Teaching English In Japan

Tomo tells us what it’s like to teach English in Japan.  Find out how he got the job, and how he spent Christmas in Japan in his other blogs.

Some of us dread the thought of it, others thrive at the opportunity and the rest don’t really know what to expect to it. Chances are that if you end up working at a private language school (eikaiwa) you will have to teach at least a few of those annoying little things we are supposed to call children. When I started at my school I was most definitely in the first category of the aforementioned – especially that they are one on one lessons so you have to focus all your attention on just the solitary pupil. Kids are fine, even fun, just as long as I don’t have to deal with them. Or so I thought, but now I have to come to enjoy and even cherish my lessons with the little tykes.

PhotoSo why the change of opinion all of a sudden? The first reason is that teaching them is actually kind of fun. The children don’t come into the lesson expecting to come out with anything from their lessons (most are simply sent by their parents, whether they want to or not). So when they do get something, you can see it on their faces and it actually makes you feel quite good that they’ve gone away with something. Also, the kids are mostly happy, sprightly and say the funniest things to you; (the exception to this are the junior high school students who (if they don’t want to be there) will just stare at you for the entire lesson and it can be extremely difficult to get them to talk. This brings the expression “blood from a stone” to a whole new level).

On a more human (if slightly selfish) level, the kids’ lessons are also a time when you can switch off a little more than usual. If you teach eight lessons a day, having a 20minute period listening to a language CD can really stop your mind going crazy and give you sometime to rest your voice for the adult lessons, which will no doubt follow. The lessons are (generally) also shorter – 40 minutes as opposed to the usual hour, which means I have time to run out for a cigarette before the next lesson starts! Finally, children (all the way up to high school level) are not going to complain to the managers. I am not advocating bad or lazy teaching in any shape or form (how could I!), merely that with 50 or so students, some complaints when you start are relatively likely to happen. Its nice to know that they wont come from the children!

A typical lesson is around 40 minutes. I normally spend the first 20 minutes playing memory games (matching cards with English words or using numbers) and asking them to read aloud the cards as they turn them over. We would also check any homework at this point. The rest of the lesson is either something basic (songs, alphabets or numbers) for the youngest / most beginner level students, or going through their textbook for those that have one. The book we are using at my school is about a red dragon (Gogo) and his various misadventures. Basically, Gogo is an unbelievably forgetful dragon who always seems to misplace his treasure. He and his comrades then spend each chapter doing / talking about something (What day is it Gogo? What did you do yesterday Gogo? Did you see that Gogo?! etc.) and by the end, the little dragon does something he maybe shouldn’t have. Cue cries of “Oh Gogo!”. A fun packed adventure for all. Homework is set, bye byes and high fives are made and then I run like the wind to get my nicotine kick.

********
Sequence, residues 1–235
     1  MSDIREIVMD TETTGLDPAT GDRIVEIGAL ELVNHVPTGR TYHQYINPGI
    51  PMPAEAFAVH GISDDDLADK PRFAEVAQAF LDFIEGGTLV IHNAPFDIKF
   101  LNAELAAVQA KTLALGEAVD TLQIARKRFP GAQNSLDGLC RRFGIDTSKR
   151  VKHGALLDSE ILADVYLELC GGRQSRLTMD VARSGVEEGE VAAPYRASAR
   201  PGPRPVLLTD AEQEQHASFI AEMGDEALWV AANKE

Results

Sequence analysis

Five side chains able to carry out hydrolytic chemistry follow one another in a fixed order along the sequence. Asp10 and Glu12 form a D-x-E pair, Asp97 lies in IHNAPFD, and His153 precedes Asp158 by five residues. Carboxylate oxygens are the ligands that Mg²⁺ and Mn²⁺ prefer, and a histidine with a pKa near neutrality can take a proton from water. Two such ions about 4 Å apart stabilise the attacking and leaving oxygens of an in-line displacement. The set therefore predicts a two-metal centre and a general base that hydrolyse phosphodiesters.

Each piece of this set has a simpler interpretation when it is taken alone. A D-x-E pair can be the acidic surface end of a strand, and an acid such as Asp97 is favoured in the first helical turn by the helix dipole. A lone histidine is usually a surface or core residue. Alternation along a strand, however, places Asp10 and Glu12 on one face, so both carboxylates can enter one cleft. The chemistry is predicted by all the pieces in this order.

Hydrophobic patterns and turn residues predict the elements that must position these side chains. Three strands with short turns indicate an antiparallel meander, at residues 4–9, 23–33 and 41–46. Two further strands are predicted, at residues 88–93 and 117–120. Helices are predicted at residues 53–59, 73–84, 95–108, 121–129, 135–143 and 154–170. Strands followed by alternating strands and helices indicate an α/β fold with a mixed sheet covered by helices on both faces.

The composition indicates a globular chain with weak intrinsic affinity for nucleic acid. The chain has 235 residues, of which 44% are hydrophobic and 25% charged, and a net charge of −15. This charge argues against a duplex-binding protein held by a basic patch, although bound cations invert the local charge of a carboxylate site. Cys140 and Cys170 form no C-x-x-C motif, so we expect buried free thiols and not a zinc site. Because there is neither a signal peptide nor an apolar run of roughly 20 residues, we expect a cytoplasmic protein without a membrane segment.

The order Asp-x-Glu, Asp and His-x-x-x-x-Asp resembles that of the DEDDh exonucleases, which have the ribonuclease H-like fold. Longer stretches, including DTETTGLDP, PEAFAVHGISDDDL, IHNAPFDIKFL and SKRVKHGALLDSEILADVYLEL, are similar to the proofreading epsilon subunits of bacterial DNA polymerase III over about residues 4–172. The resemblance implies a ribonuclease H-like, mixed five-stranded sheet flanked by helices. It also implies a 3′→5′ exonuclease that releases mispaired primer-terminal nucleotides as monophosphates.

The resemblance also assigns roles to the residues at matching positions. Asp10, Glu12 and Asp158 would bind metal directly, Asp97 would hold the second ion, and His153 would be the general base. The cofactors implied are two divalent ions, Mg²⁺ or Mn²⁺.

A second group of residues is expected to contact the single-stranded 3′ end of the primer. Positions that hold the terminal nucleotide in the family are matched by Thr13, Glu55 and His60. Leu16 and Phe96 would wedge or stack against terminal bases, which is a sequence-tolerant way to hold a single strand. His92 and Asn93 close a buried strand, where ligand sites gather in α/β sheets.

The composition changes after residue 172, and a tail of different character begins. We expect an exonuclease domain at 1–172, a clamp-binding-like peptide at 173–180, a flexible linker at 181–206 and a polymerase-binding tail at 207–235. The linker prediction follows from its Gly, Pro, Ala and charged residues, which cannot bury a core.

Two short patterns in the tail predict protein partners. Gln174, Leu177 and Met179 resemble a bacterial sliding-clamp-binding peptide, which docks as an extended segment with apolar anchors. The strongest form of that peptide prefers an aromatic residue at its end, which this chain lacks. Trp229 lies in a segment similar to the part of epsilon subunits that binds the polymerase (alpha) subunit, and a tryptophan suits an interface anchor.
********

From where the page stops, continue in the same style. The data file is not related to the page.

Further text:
A couple of things I would like to leave with. First is that I used to get worried that some of the children weren’t really leaving lessons with as much new English as I would have initially liked them to have. But I have now learnt that (especially for the very young, as in 4 -6 year olds) the most important thing is that they get used to an English-speaking environment. This is particularly true in Japan, which is not as cosmopolitan as someone from a large English city would be used to. The youngest will not even have learnt the Roman alphabet at school so anything you give them will be of great advantage when they start learning English at school.

Finally there are the parents. Some are great, others slightly strict. I am pretty convinced that about half of the parents are merely looking for babysitter while they go and do some shopping in the town centre. But there are a couple who seem to want to cram English into them from a very young age. I am not one to say what is and what isn’t the correct way of parenting but I do recall one incident when a mother was worried that her child didn’t use the past simple. Given that the boy in question was 5, using another language, I don’t think it was a particular problem. In fact I’m pretty sure when I was 5 I didn’t say, “Yesterday, I practiced tennis!” It was probably more likely along the lines of “Tennis! Play!” (Or was I just a very slow youngster?).

Anyway, I leave you with my favourite quote from the last 2 weeks by a young boy (4) who was counting with me and then said something rather odd in the cutest voice. Actually I was laughing so hard it took me about 5 minutes to pull myself together:

“One, two, three, four, five, six, seven, eight, nine, ten, eleven, Oh my god!”

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